PHOENIX -- Red Sox outfielders are a colorful lot. You've got Manny Ramirez, the savant slugger, who was carrying the World Series MVP trophy when we last saw him in October. Then there's Johnny Damon, who wants to be a movie star and gives a whole new meaning to the term "idiot." Trot Nixon is a quiet Yankee killer who smears pine tar on his helmet and rips Alex Rodriguez.
And then there's Jay Payton, who has somehow remained under the radar in a clubhouse where every word and motion is monitored by a horde of bloodthirsty reporters.
Nobody says much about Payton, which is odd considering his resume and potential impact in Boston's first title defense in 86 years.
He's a veteran of five full major league seasons who has hit 28 home runs in a season (Colorado, 2003), batted .333 with a three-run homer off Mariano Rivera in the 2000 World Series, and has played more than 133 games four times. He also hit a homer off Pedro Martinez in Fenway Park when he was with the Mets in 2000. Not bad for a "fourth outfielder."
Payton will start for the Red Sox in right field at Yankee Stadium tomorrow night because Randy Johnson is pitching and the Sox don't want the lefthanded-hitting Nixon to start the season with a four-punchout game. A veteran of the Mets, Rockies, and Padres, Payton is 8 for 37 (.216) lifetime against the Big Unit with a homer, six RBIs, and eight strikeouts.
"You know what you're getting when you face Randy Johnson," Payton said before yesterday's spring finale against the Diamondbacks at the BOB. "He'll throw 94-95 up and away or he'll throw the 89-90-mile-an-hour cutter/slider down and in. He's basically a two-pitch guy, but those pitches are hard, so you've got to be ready for it."
Payton batted .375 this spring with one homer and six RBIs. He missed almost a week after getting hit in the right wrist by a 94-m.p.h. Daniel Cabrera fastball, but played the last three games of the exhibition season and says he's at full strength. He was 0 for 2 and scored a run yesterday in the Sox' 10-3 loss to the Diamondbacks. Thursday night he was at the center of a statistical oddity when he made all three outs of the first inning. He flied to right to start the game, then lined into a double play after eight consecutive batters reached base against Arizona's Russ Ortiz.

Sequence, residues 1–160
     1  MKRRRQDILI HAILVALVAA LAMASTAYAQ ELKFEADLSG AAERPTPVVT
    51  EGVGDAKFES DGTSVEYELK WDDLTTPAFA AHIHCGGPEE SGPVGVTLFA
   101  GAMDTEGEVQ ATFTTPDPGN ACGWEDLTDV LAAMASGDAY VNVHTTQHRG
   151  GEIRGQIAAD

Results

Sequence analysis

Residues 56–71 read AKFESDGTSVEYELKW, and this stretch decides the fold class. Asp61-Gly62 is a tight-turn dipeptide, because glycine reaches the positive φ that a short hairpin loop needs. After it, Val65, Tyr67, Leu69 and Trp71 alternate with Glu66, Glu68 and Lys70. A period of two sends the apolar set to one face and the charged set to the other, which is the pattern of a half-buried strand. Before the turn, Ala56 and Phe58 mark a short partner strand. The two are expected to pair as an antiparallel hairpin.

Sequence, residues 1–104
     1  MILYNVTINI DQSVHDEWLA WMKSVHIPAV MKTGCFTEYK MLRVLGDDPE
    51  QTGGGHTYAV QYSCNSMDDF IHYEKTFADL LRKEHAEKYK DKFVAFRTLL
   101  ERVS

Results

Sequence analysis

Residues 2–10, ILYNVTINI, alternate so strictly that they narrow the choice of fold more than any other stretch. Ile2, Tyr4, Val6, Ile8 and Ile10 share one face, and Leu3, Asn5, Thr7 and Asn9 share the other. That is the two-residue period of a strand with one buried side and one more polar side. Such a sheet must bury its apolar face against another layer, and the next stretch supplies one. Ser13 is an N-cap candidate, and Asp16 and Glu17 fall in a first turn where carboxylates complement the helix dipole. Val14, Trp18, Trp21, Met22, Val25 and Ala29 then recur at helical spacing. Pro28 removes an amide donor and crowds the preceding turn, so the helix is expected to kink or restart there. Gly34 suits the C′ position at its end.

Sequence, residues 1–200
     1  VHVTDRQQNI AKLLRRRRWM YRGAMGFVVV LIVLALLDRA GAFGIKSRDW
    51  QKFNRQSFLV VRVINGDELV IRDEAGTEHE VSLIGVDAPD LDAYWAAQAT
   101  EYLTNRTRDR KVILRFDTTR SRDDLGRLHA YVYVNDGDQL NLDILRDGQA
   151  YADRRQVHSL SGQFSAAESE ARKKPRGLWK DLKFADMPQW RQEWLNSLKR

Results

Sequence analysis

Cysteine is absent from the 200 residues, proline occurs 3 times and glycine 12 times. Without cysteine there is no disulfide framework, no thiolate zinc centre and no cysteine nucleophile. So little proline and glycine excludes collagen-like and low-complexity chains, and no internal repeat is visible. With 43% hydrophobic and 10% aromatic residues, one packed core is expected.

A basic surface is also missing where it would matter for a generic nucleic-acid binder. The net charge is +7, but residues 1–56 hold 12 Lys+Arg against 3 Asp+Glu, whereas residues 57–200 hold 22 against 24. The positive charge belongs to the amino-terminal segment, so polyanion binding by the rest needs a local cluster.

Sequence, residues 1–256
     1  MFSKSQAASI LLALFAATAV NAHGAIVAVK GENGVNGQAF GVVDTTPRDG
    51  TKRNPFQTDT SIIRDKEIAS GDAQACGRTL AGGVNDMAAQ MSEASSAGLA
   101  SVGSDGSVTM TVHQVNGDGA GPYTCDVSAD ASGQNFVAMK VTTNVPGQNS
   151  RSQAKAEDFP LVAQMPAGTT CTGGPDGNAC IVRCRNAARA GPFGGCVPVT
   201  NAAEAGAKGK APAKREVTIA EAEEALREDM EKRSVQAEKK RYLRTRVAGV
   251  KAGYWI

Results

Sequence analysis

Theo Epstein acquired Payton from the Padres along with Ramon Vazquez and pitcher David Pauley in a December deal that sent forever popular Dave Roberts (Boston's new Bernie Carbo) to San Diego. This was shortly after Gabe Kapler left for Japan. Payton is expected to fill both roles, but don't count on him running like Roberts. He's never stolen more than seven bases in a big league season.
"We're hoping he brings an offensive presence," said Sox manager Terry Francona. "He'll play mostly against lefthanders. If he's playing more, that means something is wrong, which is not to say he won't help us. He can put a charge into the ball. He can spell every outfielder. I think he'll end up being a pretty productive player. He'll basically do what Gabe did. Combine Gabe and Roberts almost. If a pitcher makes a mistake, he's going to hit a home run."
Kapler and Roberts were fan favorites. They were also respected in the clubhouse and in the front office. But the Sox are being run like the Patriots these days, and the acquisition of Payton is downright Belichickian. Payton will be a free agent at the end of the season.
"Of course I want to be an everyday player," said the 32-year-old outfielder. "I still think I'm capable. Last year was a tough year (.260, 8 HRs, 55 RBIs), but I made some adjustments in the offseason. But here I'm not going to get to play every day so I just have to wait my turn and make the most of my at-bats. Hopefully set myself up to put myself in a position, maybe next year, to be an everyday player again."
Payton graduated from high school in Zanesville, Ohio, in 1991, then teamed with Nomar Garciaparra and Jason Varitek at Georgia Tech. He roomed with Nomar for three years (can't you just see Nomie hanging shirts in his closet and saying, "Touch my stuff and I'll kill you"?) and batted cleanup, behind Garciaparra (leadoff) and Varitek (third). Small wonder Payton led the country with 102 RBIs in 1994.
"They were the best," remembered Payton. "I was happy because there were 30 scouts at all of our games because of those two guys. It worked out good for me."
Payton had two major surgeries on his (right) throwing elbow while working his way up the minors, and made his major league debut with the Mets in 1998. Shoulder surgery set him back in 1999, but he finished third in Rookie of the Year balloting in 2000 and has a .285 career average.
Now he's a fourth outfielder for the world champion Boston Red Sox. Overqualified. An upgrade. And probably only here for a year.
Dan Shaughnessy is a Globe columnist. His e-mail address is firstname.lastname@example.org.